August 10, 2020

Wendell Berry: “Work flowerlike”

In the Wood. Photo by Nathalie at Flickr. Creative Commons License

Shall we do without hope? Some days
there will be none. But now
to the dry and dead woods floor
they come again, the first
flowers of the year, the assembly
of the faithful, the beautiful,
wholly given to being.
And in this long season
of machines and mechanical will
there have been small human acts
of compassion, acts of care, work
flowerlike in selfless loveliness.
Leaving hope to the dark
and to a better day,
receive these beauties freely
given, and give thanks.

 

• Wendell Berry. Leavings: Poems

 

Comments

  1. anonymous says

    ” in the distant woods or fields, in unpretending sprout-lands or pastures tracked by rabbits, even in a bleak and, to most, cheerless day, like this, when a villager would be thinking of his inn, I come to myself, I once more feel myself grandly related, and that cold and solitude are friends of mine. I suppose that this value, in my case, is equivalent to what others get by churchgoing and prayer. I come home to my solitary woodland walk as the homesick go home.”

    Henry David Thoreau

  2. Leaving hope to the dark
    and to a better day,
    receive these beauties freely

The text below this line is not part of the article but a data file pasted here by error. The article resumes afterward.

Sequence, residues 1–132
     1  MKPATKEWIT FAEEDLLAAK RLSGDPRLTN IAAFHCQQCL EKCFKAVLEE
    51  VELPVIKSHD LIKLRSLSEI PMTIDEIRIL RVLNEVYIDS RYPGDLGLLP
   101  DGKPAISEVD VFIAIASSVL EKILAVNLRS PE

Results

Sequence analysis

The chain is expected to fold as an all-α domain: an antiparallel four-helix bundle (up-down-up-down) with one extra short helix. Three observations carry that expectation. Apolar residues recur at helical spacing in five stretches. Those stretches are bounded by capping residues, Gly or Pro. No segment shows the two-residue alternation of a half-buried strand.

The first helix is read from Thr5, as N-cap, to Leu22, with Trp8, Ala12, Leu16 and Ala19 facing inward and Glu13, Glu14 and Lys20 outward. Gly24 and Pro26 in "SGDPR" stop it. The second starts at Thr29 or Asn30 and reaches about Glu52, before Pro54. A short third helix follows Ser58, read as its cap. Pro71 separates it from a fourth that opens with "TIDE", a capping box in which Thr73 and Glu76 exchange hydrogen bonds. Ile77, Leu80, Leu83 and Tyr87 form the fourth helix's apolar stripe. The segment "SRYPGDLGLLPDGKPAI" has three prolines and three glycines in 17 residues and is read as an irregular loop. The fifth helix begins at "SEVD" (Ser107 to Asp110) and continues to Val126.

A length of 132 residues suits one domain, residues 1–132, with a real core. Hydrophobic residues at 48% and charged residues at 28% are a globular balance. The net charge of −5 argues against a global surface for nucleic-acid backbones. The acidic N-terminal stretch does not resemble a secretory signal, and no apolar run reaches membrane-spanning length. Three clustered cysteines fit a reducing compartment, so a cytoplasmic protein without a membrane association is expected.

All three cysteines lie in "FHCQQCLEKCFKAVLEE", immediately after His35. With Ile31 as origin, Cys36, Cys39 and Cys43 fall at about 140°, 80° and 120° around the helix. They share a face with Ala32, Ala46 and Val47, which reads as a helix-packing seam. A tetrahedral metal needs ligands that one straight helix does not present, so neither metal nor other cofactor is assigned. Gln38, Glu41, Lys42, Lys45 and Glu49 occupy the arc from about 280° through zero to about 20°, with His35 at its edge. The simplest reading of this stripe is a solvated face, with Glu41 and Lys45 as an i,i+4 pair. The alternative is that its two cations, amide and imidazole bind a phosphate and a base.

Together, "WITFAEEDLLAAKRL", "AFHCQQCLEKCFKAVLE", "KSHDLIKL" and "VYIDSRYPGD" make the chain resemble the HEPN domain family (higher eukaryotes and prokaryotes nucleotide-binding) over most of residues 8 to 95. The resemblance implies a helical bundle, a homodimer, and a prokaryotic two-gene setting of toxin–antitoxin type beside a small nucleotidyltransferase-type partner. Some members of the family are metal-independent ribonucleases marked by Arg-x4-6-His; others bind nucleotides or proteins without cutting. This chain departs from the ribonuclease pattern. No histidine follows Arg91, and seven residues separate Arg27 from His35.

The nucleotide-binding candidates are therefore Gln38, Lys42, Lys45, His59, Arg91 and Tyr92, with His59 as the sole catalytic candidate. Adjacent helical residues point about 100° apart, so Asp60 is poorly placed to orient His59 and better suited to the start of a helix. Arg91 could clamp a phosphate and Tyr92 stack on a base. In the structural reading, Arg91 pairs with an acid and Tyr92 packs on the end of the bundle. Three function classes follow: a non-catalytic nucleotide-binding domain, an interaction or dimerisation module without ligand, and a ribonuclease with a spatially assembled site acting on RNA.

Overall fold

given, and give thanks.</blockquote<

    I can and do give thanks to God in my devotions, but I have a much harder, nearly impossible time feeling thankful. I at times can "receive these beauties" but never really freely. For me the current beauty is itself, but also a kind of promissory note that the future will have beauty too, and of a similar kind; without that promise, and the hope that comes with it, the beauty is cut off from the its source, and dies in under in my hands. Beauty cut off from a sense of hope in the future leads to anticipatory grief that I will inevitably lose this beautiful moment, and so this moment comes to feel tragic.

  3. Up on the hill
    lumberjacks axing everything in sight
    Down along the stream
    crimson flowers burn

    -Chin do ba

    I don’t know: perhaps it’s a dream, all a dream. (That would surprise me.) I’ll wake, in the silence, and never sleep again. (It will be I?) Or dream (dream again), dream of a silence, a dream silence, full of murmurs (I don’t know, that’s all words), never wake (all words, there’s nothing else).

    You must go on, that’s all I know.

    They’re going to stop, I know that well: I can feel it. They’re going to abandon me. It will be the silence, for a moment (a good few moments). Or it will be mine? The lasting one, that didn’t last, that still lasts? It will be I?

    You must go on.

    I can’t go on.

    You must go on.

    I’ll go on. You must say words, as long as there are any – until they find me, until they say me. (Strange pain, strange sin!) You must go on. Perhaps it’s done already. Perhaps they have said me already. Perhaps they have carried me to the threshold of my story, before the door that opens on my story. (That would surprise me, if it opens.)

    It will be I? It will be the silence, where I am? I don’t know, I’ll never know: in the silence you don’t know.

    You must go on.

    I can’t go on.

    I’ll go on.

    ? Samuel Beckett, The Unnamable

  4. Norma Cenva says

    Long time Wendell Berry fan here.

  5. just a little rain
    before you get up
    and then the sun

  6. Apparently the poem is 10 years old or more. Yet how appropriate to our time. Beautiful. Thanks!